It’s that time again! Next week, more than a thousand engineers will converge in Berlin to spend a week discussing the latest issues in Internet protocol engineering at IETF 96. As usual, there is a lot going on, and the Internet Society will provide a ‘Rough Guide’ to the IETF via a series of blog posts on topics of mutual interest:
- Internet Infrastructure Resilience and Security
- Scalability & Performance
- DNSSEC, DPRIVE, and DNS Security
- The Internet of Things
- All About IPv6
- Trust, Identity, and Privacy
- All Things Encryption
But before we get into the details, I’d like to share some overarching themes, topics, and events that I think everyone should know about.
Catch up on some of the highlights from IETF 95 in Buenos Aires by reading Volume 12, Issue 1 of the IETF Journal. And you can read it on a brand new website! You can read all the articles online at https://www.ietfjournal.org, or pick up a hard copy in Berlin.
Our cover article this issue was prompted by a presentation and debate that took place in the sunset4 Working Group on the subject of declaring IPv4 Historic. Read Lee Howard’s and Geoff Huston’s perspectives and make up your own mind! In addition, we have Working Group updates from L3SM and TAPS, observations from one of the Internet Society Fellowship to the IETF Programme participants, a view from the pre-IETF Hackathon, and an article about a potential new technology direction for the IETF, namely Intelligent Transportation Systems. Our regular columns from the IETF, Internet Architecture Board, and Internet Research Task Force chairs, and coverage of hot topics discussed during the plenary meetings wrap up the issue.
IRTF and ANRP
Through the Applied Networking Research Prize (ANRP, supported by the Internet Society) the Internet Research Task Force (IRTF) recognizes the best new ideas in networking, and brings them to the IETF, especially in cases where the ideas are relevant for transitioning into shipping Internet products and related standardization efforts. In Berlin, two talented researchers will present during the IRTF Open Meeting at 10:00AM on Tuesday, 19 July:
- Samuel Jero for a security analysis of the QUIC protocol:
Robert Lychev, Samuel Jero, Alexandra Boldyreva and Cristina Nita-Rotaru. How Secure and Quick is QUIC? Provable Security and Performance Analyses. Proc. IEEE Symposium on Security and Privacy, pp. 214–231, San Jose, CA, USA, May 2015.
- Dario Rossi for characterizing anycast adoption and deployment in the IPv4 Internet:
Danilo Cicalese, Jordan Augé, Diana Joumblatt, Timur Friedman and Dario Rossi. Characterizing IPv4 Anycast Adoption and Deployment. Proc. ACM CoNEXT, Heidelberg, Germany, December 2015.
Right before IETF 96, the IETF is holding its now-regular Hackathon to encourage developers to discuss, collaborate and develop utilities, ideas, sample code and solutions that show practical implementations of IETF standards. The Hackathon is free to attend but has limited seats available.
Also just before IETF 96 begins, on Saturday, 16 July, the ACM, IRTF & ISOC are holding the first Applied Networking Research Workshop 2016 ( ANRW ‘16) to provide a forum for researchers, vendors, network operators, and the Internet standards community to present and discuss emerging results in applied networking research.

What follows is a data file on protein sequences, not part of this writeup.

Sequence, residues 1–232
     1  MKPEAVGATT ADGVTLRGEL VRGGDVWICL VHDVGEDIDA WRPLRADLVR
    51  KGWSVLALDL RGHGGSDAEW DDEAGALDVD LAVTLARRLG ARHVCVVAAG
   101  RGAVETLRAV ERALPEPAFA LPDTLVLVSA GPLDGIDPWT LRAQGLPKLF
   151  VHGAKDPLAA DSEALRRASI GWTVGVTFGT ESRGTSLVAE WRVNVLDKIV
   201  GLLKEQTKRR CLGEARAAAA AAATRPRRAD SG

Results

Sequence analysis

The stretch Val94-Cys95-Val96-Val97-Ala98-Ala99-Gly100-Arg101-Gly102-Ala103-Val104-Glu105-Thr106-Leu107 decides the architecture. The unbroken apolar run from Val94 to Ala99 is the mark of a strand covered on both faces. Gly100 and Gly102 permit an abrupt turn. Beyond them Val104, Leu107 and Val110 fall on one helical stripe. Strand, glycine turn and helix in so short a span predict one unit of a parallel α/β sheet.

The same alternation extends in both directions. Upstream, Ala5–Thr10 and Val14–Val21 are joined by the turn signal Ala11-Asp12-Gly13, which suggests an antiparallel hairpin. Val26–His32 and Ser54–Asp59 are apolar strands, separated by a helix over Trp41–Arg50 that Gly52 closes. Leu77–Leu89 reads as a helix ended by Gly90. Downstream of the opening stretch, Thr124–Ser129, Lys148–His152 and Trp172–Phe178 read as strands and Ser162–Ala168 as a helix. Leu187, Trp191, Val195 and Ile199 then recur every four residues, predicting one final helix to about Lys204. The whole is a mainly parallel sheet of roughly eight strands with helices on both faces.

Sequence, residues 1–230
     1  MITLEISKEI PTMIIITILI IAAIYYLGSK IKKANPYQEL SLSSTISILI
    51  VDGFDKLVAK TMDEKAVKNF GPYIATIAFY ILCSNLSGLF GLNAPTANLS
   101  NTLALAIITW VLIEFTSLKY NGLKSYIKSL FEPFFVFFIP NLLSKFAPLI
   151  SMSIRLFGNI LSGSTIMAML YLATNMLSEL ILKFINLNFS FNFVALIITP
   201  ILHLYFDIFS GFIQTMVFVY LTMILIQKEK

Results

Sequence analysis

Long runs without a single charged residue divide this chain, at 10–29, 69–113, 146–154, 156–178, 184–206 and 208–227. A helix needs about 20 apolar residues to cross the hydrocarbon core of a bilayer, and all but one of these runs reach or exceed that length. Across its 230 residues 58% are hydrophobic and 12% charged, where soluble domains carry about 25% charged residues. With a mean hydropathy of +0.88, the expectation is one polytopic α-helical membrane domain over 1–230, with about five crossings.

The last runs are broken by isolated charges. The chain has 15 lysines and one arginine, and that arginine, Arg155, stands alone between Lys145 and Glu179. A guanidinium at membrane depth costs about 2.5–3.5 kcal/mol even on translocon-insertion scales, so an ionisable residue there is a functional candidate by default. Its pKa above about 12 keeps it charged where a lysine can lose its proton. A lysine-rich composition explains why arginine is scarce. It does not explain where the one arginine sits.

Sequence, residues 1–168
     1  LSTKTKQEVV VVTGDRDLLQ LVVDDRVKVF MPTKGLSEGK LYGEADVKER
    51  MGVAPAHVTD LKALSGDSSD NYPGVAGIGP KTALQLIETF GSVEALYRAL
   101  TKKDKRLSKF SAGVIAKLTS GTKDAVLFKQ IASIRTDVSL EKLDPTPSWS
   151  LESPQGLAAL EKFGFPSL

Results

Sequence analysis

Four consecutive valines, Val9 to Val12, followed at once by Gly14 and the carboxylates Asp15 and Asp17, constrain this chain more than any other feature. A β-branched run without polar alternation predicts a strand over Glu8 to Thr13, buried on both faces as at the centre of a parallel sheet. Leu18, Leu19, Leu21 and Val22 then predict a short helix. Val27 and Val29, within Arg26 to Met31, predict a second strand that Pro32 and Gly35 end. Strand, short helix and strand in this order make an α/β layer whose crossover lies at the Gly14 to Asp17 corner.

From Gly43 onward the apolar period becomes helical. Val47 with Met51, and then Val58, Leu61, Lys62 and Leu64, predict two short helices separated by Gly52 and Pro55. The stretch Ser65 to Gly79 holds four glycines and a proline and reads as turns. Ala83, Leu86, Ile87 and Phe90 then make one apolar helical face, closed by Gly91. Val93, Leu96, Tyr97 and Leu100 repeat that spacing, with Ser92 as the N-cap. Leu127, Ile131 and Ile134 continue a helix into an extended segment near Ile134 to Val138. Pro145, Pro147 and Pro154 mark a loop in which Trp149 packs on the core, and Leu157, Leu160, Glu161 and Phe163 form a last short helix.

Researchers will share early emerging results that illustrate the scientific and engineering principles underlying the Internet architecture, protocols and applications; that demonstrate new capabilities, features, or extensions to the Internet protocol layers; that enhance our understanding of how Internet protocols work in real-world deployments or realistic testbeds; or that improve Internet security and privacy, scalability, performance, and robustness.
Birds of a Feather (BoF) Sessions
Another major highlight of every IETF is the new work that gets started in birds-of-a-feather (BoF) sessions. Getting new work started in the IETF usually requires a BoF to discuss goals for the work, the suitability of the IETF as a venue for pursuing the work, and the level of interest in and support for the work. There are eight BoFs happening in Berlin:
- its, Intelligent Transportation Systems, about the use of Internet communication protocols between vehicles
- lpwan, Low-Power Wide Area Networks, to discuss the problems that arise in LP-WANs and how the IETF-based solutions apply to them
- lurk, Limited Use of Remote Keys, discussing using a secure transport layer to authenticate application layer content
- imtg, International Meeting Arrangements, about IETF requirements for selecting future meeting sites
- l4s, Low Latency Low Loss Scalable throughput, coordinate parallel implementation and standardisation of TCP Prague across platforms
- quic, QUIC, a UDP-based transport protocol that provides multiplexed streams over an encrypted transport
- plus, Path Layer UDP Substrate, about how to make new protocols robust against packet and flow modification in the Internet at the hands of middleboxes
- ledger, Ledger, a potential new protocol to define how connectors route and transfer digital assets between ledgers
There’s a lot going on in Berlin, and whether you plan to be there or join remotely, there’s much to monitor. To follow along as we dole out this series of Rough Guide to IETF blog posts, follow us on the Internet Technology Matters blog, Twitter, Facebook, Google+, via RSS, or see http://dev.internetsociety.org/rough-guide-ietf96.